Over the past 50 years China’s economic expansion has been meteoric. Gross Domestic Product (GDP) in 1970 was just over $92.5 billion, according to the World Bank. Today, that figure sits at over $12 trillion, putting China as the second largest economy in the world, behind the United States.
Made in China 2025—the government’s initiative to make the country economically autonomous—has led to vast expansions in a wealth of industries. In 2018 alone, Bloomberg reported that China saw the launch of 97 unicorns—startups with a valuation of over $1 billion. That’s roughly one every 3.8 days, reflecting the equivalent of nearly $2 billion of startup value per week.
Business opportunities are ripe in every industry. Startups were launched across education, real estate, blockchain, robotics, big data, fintech, e-commerce, internet services, and artificial intelligence.
All of this, plus China’s Belt and Road Initiative (BRI)—an ambitious government-led project to connect Asia with Africa and Europe through regional integration, trade, investment, and economic stimulus—makes now the time for international students to study an MBA in China.
Why you should study an MBA in China
Students of The Beijing International MBA (BiMBA) of the National School of Development (NSD) at Peking University (PKU) have the choice to study their MBA as a joint program between PKU-University College London (UCL), or a joint program between PKU-Vlerick Business School (in Belgium).
Students are given a strong grounding in Chinese business, but electives in London and Belgium offer them the chance to expand their knowledge and build bridges between China and the west.
Professor Yao Yang, dean of the NSD—the leading university think tank in China—teaches students about China’s economic development and reform.
“Right now, China’s economy is becoming more and more influential in the world economy,” he says. “Chinese companies have become more competitive internationally but also domestically. Many Chinese companies are beginning to hire foreign workers.”
Professor Yao thinks this is part of China’s effort to reach out to the countries that lie along the Belt and Road Initiative and to integrate the project more strongly with European nations.
While the Trump administration is pursuing a belligerent tone with China, European countries need the world market China is a part of, Professor Yao says.
“If you look at the economic structure in the UK, it has been so upgraded. London offers good jobs to many kinds of talent, but even with London it’s not enough.
“You still need to find highly paid jobs worldwide. Together with China, reaching out to BRI countries and Europe, I think that our program offers a good opportunity for students from Europe to tap into the market potential of China.”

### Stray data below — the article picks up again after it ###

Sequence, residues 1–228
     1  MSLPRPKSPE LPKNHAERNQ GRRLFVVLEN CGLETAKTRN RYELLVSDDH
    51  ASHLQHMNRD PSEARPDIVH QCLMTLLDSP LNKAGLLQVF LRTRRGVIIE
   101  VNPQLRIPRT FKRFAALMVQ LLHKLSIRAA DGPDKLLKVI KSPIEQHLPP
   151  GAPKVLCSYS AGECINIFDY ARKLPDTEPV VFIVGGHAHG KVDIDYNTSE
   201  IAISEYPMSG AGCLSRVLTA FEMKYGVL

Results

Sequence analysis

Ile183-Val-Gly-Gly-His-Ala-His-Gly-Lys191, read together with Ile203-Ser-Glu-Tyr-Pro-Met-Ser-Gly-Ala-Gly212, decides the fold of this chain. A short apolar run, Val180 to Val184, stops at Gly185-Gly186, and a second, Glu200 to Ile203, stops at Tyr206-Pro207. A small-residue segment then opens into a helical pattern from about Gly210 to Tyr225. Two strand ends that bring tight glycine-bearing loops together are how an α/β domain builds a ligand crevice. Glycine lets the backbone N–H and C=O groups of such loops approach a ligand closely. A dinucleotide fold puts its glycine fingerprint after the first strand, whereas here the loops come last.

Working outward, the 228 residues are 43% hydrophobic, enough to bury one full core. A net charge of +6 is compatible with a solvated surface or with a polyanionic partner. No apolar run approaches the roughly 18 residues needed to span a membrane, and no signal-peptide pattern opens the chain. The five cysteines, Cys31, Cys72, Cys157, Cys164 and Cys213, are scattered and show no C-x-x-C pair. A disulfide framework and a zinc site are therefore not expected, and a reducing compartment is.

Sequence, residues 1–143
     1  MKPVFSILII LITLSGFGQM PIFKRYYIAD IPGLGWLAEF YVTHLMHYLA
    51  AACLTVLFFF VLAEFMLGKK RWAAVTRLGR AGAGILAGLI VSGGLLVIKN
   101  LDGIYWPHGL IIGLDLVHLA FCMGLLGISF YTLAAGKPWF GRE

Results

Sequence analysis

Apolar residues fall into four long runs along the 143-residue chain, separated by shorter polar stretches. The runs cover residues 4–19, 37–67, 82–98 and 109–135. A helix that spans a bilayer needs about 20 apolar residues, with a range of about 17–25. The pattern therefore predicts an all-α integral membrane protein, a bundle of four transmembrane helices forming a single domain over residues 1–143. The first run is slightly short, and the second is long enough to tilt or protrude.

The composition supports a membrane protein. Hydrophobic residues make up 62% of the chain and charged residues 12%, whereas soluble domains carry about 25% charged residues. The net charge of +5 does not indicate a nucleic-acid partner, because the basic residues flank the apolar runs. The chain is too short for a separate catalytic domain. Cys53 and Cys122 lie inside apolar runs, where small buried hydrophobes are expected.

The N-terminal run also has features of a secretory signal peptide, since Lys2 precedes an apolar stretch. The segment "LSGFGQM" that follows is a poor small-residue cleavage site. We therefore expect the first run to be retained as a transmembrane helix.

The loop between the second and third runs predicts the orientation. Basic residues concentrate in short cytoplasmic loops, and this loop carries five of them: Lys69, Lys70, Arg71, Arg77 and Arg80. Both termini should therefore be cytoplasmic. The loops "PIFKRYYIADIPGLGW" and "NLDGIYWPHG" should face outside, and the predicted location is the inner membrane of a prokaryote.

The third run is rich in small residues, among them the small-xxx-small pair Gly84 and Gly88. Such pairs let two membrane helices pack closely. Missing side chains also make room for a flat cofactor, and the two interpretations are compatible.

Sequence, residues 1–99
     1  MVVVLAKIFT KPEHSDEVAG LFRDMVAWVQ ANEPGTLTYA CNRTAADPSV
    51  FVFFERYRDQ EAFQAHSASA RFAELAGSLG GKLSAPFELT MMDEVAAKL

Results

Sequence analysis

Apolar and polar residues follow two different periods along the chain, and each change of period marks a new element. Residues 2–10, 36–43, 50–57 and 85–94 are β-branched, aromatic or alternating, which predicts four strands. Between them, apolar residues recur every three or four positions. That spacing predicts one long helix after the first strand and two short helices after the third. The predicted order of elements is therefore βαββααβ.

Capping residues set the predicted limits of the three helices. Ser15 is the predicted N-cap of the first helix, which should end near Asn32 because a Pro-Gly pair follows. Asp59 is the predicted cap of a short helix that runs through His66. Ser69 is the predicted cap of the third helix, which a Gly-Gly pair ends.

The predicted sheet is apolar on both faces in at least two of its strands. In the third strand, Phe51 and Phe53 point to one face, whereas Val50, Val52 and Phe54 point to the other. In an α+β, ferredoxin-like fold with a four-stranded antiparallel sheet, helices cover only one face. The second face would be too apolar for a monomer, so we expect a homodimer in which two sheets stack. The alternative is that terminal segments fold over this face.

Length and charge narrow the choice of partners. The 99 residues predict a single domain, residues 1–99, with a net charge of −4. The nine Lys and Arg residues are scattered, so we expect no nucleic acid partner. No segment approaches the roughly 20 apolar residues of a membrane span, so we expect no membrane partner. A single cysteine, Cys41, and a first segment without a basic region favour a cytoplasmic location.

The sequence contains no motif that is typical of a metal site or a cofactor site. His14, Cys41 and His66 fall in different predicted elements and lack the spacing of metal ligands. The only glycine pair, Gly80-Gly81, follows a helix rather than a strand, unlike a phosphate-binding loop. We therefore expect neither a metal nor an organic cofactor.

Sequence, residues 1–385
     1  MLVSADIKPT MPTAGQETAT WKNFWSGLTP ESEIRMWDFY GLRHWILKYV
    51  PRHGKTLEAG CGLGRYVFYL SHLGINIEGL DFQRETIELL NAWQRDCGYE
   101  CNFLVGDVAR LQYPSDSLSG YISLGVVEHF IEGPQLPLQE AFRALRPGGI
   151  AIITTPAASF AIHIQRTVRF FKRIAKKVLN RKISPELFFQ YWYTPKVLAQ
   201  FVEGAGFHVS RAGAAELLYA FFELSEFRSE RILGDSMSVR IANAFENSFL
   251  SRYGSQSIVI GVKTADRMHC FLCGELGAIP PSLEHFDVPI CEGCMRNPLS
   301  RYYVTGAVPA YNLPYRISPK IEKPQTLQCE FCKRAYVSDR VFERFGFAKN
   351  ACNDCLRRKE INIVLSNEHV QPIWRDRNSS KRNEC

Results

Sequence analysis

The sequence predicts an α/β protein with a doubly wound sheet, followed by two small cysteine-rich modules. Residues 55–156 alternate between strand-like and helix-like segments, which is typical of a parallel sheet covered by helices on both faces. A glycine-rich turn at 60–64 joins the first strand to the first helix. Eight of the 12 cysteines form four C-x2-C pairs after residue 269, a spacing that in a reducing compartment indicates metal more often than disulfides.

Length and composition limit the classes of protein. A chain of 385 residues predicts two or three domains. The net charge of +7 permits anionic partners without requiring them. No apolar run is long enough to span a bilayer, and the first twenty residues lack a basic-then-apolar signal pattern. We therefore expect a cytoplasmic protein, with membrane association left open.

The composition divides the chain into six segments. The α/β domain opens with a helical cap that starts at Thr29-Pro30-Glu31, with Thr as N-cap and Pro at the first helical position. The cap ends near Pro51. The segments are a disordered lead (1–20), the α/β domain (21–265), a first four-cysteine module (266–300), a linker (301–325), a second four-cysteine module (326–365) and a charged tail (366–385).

Those opportunities are enhanced with cross cultural management delivered through BiMBA’s core modules on strategy and leadership, managing organizational behavior, and innovation management.
Students are also taught how the management of people differs between the east and the west, and how understanding relationship dynamics can be key to business success in the long run.
There is also an overseas elective available to Silicon Valley, where students are shown the best of entrepreneurship and innovation in the US West Coast startup hub.
What does China’s market look like?
A McKinsey & Company report on the state of China’s economy says it sees growth the size of Australia’s entire economy, every year.
Although GDP might be slowing compared to the average 10.1% that has been occurring since the 1970s, 2019’s growth is still set to be between 6.0-and-6.2%.
The same report also states that China has the world’s best consumer growth. Chinese consumption is estimated to grow by about $6 trillion between now and 2030. That’s the same as the combined consumer growth estimates for the US and Western Europe.
This is also why the BiMBA program excites professor Yao. A more open economy alongside exponential growth means incoming international students have a wealth of career opportunities.
“The PKU-UCL and PKU-Vlerick School of Business programs are one of the deepest collaborations between China and Europe in the field of education,” explains professor Yao.
Where will China's growth lead?
Since an economic upturn began in 2015, after a slow down period, professor Yao believes China’s economy is back on track to propel growth in the future.
If you look at the world economy, from oil prices, to coal and steel, all have come up because of the increased demand from China, he says.
What does growth mean for international opportunities?
“I can see life in China, especially for young people, becoming more attractive,” professor Yao asserts.
“People who really want to explore China and Asia, the UCL-PKU program is a good choice—our university encourages us to recruit more international students, so there’s a lot of opportunities for students from Europe.”